Aristide's return to Haiti "imminent": spokeswoman

PORT-AU-PRINCE Fri Mar 11, 2011 1:54pm EST

Former Haitian President Jean Bertrand Aristide, exiled in South Africa, attends a news briefing in Johannesburg, January 15, 2010. REUTERS/Siphiwe Sibeko

Former Haitian President Jean Bertrand Aristide, exiled in South Africa, attends a news briefing in Johannesburg, January 15, 2010.

Credit: Reuters/Siphiwe Sibeko

PORT-AU-PRINCE (Reuters) - Exiled former Haitian President Jean-Bertrand Aristide will return to his homeland within days, according to a spokeswoman who said on Friday the return is unrelated to Haiti's upcoming presidential election.

"He will be back in a few days," said Maryse Narcisse, a spokeswoman for Aristide's political party, Fanmi Lavalas. "The return is imminent."

Aristide has been exiled in South Africa since 2004, shortly after his ouster during an armed rebellion in Haiti. Narcisse would not say exactly when Aristide would arrive in Haiti or why he has decided to return now.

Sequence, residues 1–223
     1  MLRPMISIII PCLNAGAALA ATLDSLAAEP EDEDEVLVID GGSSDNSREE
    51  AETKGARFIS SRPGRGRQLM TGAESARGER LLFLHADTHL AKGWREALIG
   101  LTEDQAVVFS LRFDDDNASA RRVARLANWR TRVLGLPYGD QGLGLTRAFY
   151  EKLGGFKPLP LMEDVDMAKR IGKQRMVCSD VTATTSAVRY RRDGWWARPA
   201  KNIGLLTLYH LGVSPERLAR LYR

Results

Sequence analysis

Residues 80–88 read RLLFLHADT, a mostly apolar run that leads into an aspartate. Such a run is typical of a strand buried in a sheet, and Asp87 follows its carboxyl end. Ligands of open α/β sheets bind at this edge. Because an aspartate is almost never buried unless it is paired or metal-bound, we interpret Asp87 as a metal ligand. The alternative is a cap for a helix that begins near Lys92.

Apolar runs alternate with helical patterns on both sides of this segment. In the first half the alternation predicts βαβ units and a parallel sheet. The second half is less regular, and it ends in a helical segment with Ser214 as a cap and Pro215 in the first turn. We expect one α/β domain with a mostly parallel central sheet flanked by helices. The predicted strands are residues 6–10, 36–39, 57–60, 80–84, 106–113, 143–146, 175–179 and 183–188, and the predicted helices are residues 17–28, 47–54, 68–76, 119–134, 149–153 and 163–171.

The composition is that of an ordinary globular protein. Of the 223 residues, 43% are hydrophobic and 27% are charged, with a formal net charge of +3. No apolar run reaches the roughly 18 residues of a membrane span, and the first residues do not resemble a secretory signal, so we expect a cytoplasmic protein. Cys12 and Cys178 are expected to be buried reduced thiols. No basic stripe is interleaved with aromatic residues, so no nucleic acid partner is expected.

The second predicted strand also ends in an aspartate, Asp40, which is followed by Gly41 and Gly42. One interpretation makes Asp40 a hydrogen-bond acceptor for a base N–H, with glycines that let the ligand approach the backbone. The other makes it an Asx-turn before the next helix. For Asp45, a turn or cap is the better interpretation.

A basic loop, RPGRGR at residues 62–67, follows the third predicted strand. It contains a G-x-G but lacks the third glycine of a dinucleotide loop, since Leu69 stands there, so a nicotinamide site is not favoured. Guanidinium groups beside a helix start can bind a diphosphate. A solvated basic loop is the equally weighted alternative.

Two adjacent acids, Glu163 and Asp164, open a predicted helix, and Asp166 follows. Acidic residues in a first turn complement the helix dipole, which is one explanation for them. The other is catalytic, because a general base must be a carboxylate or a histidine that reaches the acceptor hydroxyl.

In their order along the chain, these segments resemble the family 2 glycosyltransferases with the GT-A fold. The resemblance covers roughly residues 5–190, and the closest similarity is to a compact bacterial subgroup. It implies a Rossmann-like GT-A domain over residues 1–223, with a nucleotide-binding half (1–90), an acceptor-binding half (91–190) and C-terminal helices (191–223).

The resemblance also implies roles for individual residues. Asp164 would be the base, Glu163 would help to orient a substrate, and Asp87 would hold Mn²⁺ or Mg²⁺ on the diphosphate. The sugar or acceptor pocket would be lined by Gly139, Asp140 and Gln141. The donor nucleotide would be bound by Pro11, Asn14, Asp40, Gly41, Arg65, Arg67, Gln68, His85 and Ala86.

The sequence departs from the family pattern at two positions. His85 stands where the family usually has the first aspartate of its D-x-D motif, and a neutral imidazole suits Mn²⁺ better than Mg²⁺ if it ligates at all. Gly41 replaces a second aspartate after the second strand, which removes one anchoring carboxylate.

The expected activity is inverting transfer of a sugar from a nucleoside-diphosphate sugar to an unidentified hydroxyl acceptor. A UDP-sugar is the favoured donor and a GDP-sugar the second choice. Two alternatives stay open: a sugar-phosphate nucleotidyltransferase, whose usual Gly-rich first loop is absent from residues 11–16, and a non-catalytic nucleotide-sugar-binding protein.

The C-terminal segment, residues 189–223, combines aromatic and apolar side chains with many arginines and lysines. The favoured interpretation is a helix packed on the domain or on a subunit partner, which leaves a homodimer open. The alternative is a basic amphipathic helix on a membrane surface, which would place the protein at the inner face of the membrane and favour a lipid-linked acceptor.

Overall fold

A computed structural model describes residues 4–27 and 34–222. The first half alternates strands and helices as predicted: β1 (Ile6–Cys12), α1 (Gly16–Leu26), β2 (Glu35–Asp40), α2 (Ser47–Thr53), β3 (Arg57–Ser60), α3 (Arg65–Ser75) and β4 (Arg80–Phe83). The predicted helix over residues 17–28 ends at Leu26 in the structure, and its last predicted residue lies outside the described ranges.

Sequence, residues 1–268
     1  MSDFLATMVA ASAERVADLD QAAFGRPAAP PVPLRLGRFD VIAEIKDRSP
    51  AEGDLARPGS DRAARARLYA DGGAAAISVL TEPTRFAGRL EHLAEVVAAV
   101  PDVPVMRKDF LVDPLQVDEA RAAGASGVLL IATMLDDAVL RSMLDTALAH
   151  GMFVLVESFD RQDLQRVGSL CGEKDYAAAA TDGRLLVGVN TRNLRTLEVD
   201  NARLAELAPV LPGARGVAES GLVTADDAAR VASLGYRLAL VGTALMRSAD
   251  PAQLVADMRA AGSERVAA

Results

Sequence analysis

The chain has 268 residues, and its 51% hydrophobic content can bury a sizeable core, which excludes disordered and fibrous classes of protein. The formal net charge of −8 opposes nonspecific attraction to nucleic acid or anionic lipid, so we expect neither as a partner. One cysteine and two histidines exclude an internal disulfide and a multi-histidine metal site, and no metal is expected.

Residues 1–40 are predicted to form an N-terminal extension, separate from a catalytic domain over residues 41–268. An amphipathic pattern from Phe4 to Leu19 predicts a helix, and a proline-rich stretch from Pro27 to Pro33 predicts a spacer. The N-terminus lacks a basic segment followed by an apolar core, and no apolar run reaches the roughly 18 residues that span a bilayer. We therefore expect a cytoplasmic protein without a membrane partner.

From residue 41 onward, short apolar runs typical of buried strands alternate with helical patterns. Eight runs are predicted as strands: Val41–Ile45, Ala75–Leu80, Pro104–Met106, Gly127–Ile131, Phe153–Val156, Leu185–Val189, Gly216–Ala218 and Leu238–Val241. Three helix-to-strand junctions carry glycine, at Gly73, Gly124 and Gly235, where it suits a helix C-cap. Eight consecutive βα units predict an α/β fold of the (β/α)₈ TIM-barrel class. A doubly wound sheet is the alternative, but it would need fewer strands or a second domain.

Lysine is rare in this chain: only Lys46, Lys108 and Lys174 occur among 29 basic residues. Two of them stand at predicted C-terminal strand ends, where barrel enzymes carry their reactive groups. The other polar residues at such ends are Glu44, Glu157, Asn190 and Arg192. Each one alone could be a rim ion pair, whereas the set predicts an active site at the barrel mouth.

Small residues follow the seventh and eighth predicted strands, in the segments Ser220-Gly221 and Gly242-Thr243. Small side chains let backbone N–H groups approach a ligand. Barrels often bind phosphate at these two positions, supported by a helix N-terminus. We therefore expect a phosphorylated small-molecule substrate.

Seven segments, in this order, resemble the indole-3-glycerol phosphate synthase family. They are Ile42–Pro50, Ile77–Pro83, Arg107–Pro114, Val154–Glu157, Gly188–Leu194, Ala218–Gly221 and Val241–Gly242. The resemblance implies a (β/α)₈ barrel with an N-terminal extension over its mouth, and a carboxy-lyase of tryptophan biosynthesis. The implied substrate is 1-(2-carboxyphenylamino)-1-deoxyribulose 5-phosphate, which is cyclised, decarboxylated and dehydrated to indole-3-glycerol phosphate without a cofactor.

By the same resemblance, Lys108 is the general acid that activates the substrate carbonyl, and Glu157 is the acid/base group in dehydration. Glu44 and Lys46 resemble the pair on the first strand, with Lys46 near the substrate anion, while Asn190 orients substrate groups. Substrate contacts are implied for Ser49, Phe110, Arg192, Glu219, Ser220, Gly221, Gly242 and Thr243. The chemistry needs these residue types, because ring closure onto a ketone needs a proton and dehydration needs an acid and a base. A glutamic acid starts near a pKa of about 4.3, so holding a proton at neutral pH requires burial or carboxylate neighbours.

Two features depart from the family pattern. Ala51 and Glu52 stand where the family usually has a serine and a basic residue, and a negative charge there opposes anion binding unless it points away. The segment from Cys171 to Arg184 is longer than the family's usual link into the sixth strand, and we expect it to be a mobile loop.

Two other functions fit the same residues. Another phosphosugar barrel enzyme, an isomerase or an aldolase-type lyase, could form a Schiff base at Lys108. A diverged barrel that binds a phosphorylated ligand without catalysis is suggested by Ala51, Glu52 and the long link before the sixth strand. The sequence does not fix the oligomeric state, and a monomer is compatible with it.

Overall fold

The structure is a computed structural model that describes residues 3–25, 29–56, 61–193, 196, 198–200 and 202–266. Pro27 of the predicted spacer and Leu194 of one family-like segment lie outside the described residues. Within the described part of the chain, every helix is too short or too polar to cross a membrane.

Haiti is scheduled to hold a runoff election on March 20 to decide whether university professor Mirlande Manigat or musician Michel Martelly will become the next president.

Election officials had barred Aristide's party from running a candidate in the election, tainted by allegations of widespread fraud during the first round of voting in November.

"There is no link between his return and the election," Narcisse said.

Deeply impoverished Haiti is struggling to recover from a catastrophic earthquake in January 2010 that wrecked much of the Caribbean nation's capital, Port-au-Prince.

Manigat, whose husband Leslie Manigat was president for a few months in 1988, has said previously she hoped Aristide would not return until after the election because his presence could create "agitation."

Aristide, a charismatic former Catholic priest, is loved by many of Haiti's poor and reviled by many of its business leaders and wealthy elite.

Aristide became Haiti's first freely elected president in 1991 but spent much of his first five-year term in exile after a military coup.

He was elected president again in 2000 but his second term was marred by economic instability and gang and drug-related violence. He was ousted again in a 2004 rebellion led by former soldiers.

(Writing by Jane Sutton; editing by Will Dunham)

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